House of Cards, US vs UK editions

2013's House of Cards, starring Kevin Spacey as a ruthless politician on his way to the top, was based upon 1990's House of Cards, starring Ian Richardson as a ruthless politician on his way to the top. They are both brilliant shows (catch a scene from the earlier version above), and an excellent illustration of the differences between American and British politics, drama and humor.

The comparison between the U.S. and U.K. versions of this program shows something about why I feel so profoundly American (rather than British), but also why the Brits excel at just this kind of thing. There are lots of tough breaks in Kevin Spacey's House of Cards, but in the end there is a jauntiness to it. People kill themselves; politicians lie and traduce; no one can be trusted -- and still, somewhere deep it has a kind of American optimism. That's us (and me). USA! USA! It's different in the UK version. Richardson's Francis Urquhart reminds us that his is the nation whose imagination produced Iago, and Uriah Heep, and Kingsley Amis's "Lucky Jim" Dixon. This comedy here is truly cruel -- and, one layer down, even bleaker and more squalid than it seems at first.

Both editions are on Netflix—the UK one is only a four-hour miniseries, too.

Notable Replies

  1. There are two other 4-hour series of the BBC version, as well. They function as extensions of the original story; they're just titled differently -- "To Play the King" and "The Final Cut." That second one gets in a great pun, too, by extending the card analogy while also referencing the monarchy, which is Francis' main opponent in that one.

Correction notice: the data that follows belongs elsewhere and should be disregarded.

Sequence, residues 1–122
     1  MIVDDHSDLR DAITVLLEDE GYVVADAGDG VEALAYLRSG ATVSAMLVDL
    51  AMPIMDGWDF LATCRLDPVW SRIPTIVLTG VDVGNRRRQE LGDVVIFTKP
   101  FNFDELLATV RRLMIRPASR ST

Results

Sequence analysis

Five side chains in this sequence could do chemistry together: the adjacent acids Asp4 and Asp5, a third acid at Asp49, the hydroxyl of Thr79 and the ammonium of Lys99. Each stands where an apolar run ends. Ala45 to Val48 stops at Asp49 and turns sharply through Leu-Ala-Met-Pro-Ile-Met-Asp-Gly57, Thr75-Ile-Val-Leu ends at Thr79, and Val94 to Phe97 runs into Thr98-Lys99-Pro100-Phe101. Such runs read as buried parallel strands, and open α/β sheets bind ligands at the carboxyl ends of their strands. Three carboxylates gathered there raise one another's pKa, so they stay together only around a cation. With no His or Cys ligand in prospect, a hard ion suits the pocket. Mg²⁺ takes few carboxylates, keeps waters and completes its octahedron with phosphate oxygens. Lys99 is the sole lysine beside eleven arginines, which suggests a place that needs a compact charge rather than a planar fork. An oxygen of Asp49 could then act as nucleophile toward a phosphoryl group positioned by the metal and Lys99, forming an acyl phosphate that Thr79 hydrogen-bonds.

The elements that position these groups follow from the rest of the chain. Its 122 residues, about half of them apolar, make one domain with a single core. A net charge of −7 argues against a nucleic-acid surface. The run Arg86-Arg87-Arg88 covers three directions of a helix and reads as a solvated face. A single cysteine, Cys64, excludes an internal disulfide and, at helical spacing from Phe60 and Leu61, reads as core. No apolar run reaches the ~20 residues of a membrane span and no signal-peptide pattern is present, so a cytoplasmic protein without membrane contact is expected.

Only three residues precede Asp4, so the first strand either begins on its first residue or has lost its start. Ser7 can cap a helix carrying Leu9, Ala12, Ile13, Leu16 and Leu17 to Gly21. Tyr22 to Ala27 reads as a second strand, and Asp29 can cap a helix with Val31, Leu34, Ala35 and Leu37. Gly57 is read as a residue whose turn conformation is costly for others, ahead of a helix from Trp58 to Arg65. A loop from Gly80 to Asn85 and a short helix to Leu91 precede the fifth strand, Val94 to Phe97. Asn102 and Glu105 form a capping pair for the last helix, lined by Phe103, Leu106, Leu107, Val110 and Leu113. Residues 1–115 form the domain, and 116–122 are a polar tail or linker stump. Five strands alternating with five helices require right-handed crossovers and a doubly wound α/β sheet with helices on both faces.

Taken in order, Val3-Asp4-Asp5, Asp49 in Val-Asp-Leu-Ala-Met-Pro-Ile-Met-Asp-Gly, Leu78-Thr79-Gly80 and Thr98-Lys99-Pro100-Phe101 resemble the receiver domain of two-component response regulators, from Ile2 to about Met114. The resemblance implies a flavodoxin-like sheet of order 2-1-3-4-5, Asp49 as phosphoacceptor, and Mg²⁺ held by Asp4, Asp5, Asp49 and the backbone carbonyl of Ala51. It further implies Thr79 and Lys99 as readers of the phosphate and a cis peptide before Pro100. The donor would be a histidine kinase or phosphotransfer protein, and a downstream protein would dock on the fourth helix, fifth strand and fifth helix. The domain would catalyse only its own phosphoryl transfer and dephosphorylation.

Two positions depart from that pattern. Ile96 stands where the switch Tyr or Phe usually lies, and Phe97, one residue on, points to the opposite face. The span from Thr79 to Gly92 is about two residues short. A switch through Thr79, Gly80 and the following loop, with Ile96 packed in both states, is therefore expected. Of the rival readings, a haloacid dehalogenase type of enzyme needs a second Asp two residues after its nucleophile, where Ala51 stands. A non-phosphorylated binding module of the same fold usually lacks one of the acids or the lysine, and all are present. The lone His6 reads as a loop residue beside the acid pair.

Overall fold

2. The third series' title is also a playing card pun!

  3. Brits excel at just this kind of thing

    You might very well think that. I couldn't possibly comment.

  4. An excellent observation, but I don't agree with your spin.

    The US has two loose coalitions instead of parties in the EU sense. Thus, an FU character (Francis Urquart / Frank Underwood) must operate differently in the two settings. In the US, a powerful politician doesn't worry about intra-party discipline, but instead co-ordinates a diverse set of individuals both in and out of Congress, and on both sides of the aisle. The coalitions to move any particular issue forward are quite flexible, and thus FU must be as well.

    Both FUs have a clear "reason for existing." In both the US and the UK series, the opening move was a loyal FU being betrayed by the Prime Minister/ President, to which FU responded by manipulating the levers of power. The levers are different, but neither the character nor the motivations are.

    In the US " a [Rep] can maneuver to destroy people in his own party for advancement." FU's version of this maneuvering is a bit extreme - in both settings - but peer into the shadows of Congress and you'll see that Kevin Spacey and David Fincher have a lot of raw material to work with. (eg. Paul Teller)

  5. Brilliant, in the House of Cards context. The crossing of a meaningful chinese ideograph and a not-less-meaningful abbreviation.

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